The Kids Are All Right Reviews
Guided by an outstanding script, everyone is able to go deep into her or his character. Particular huzzahs are due Bening for the precision she brings to the brusque yet emotionally expressive Nic.
The basic joke here, and it's a rich one, is that the dynamics of gay marriages differ little from those of straight marriages. But that joke also serves as a catalyst for some startlingly beautiful considerations...
Cholodenko and cowriter Stuart Blumberg have crafted a loving work about family that will resonate as true for those who find their experience reflected on the big screen and will be revelatory to others.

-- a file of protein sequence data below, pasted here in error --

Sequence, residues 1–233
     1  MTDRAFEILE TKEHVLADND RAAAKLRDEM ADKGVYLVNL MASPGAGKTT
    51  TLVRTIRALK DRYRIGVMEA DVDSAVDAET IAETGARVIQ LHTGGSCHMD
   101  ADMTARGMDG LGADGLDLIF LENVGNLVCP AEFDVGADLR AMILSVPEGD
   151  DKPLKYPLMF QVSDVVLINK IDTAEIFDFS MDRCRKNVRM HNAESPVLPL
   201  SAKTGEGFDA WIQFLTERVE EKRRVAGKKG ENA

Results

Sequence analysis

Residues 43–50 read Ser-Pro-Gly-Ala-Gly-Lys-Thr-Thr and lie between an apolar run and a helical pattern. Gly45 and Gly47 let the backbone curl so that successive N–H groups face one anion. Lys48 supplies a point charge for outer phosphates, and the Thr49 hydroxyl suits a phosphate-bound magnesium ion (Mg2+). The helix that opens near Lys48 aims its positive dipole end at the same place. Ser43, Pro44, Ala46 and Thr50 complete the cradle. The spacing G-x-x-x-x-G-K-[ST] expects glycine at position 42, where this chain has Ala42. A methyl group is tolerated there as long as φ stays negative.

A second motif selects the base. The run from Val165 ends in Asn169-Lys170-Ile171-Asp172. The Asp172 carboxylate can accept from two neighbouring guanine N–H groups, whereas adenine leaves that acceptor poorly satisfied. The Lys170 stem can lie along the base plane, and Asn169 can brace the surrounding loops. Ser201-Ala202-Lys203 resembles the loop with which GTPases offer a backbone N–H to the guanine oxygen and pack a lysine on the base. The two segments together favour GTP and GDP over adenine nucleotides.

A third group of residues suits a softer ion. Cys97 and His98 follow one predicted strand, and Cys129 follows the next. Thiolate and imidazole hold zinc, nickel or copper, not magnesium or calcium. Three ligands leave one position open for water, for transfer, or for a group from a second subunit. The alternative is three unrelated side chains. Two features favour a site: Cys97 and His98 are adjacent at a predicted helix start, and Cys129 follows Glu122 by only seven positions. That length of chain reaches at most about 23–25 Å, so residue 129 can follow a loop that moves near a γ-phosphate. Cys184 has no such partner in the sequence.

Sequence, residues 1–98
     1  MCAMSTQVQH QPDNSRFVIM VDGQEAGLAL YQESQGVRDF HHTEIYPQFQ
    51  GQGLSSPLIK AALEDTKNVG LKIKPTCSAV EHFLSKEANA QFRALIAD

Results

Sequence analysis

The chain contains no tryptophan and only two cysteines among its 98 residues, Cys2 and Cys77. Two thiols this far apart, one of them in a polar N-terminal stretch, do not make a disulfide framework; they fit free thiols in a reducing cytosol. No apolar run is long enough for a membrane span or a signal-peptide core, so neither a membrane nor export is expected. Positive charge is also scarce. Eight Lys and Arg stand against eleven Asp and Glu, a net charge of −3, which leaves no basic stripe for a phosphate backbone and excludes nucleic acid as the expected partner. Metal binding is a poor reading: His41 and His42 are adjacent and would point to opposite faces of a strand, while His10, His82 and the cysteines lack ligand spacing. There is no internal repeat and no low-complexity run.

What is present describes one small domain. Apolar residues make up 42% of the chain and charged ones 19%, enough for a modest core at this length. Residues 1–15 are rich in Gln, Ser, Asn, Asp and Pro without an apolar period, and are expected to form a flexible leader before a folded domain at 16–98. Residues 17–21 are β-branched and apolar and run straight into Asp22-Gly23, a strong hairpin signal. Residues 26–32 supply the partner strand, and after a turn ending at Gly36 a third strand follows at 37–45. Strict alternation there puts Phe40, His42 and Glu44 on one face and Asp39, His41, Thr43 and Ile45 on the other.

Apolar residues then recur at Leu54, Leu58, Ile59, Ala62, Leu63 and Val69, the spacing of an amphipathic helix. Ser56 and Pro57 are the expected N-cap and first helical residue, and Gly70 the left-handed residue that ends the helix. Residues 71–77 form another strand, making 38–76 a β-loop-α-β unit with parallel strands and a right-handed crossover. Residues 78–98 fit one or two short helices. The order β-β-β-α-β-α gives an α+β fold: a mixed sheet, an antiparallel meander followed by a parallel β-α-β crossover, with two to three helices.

There are not only glancing moments but whole sequences in this movie when the agony of social embarrassment makes you want to haul the characters to their feet and slap them in the chops.
Sparked by wonderfully lived-in performances from Julianne Moore and Mark Ruffalo, "The Kids Are All Right" is alright, if not up to the level of writer-director Lisa Cholodenko's earlier pair of new bohemian dramas.